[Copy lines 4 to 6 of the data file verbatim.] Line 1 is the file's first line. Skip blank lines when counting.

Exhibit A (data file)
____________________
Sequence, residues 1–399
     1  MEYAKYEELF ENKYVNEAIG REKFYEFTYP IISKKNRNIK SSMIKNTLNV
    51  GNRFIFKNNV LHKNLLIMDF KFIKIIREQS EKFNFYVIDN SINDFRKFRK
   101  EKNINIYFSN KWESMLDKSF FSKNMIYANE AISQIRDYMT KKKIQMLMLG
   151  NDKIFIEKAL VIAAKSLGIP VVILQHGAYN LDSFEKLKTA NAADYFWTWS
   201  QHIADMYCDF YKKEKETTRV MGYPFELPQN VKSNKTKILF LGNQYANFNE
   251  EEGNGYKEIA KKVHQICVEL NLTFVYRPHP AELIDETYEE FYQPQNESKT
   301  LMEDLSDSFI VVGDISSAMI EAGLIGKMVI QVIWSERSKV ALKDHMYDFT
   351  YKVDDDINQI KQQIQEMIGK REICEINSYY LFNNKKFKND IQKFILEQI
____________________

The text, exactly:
   101  EKNINIYFSN KWESMLDKSF FSKNMIYANE AISQIRDYMT KKKIQMLMLG
   151  NDKIFIEKAL VIAAKSLGIP VVILQHGAYN LDSFEKLKTA NAADYFWTWS
   201  QHIADMYCDF YKKEKETTRV MGYPFELPQN VKSNKTKILF LGNQYANFNE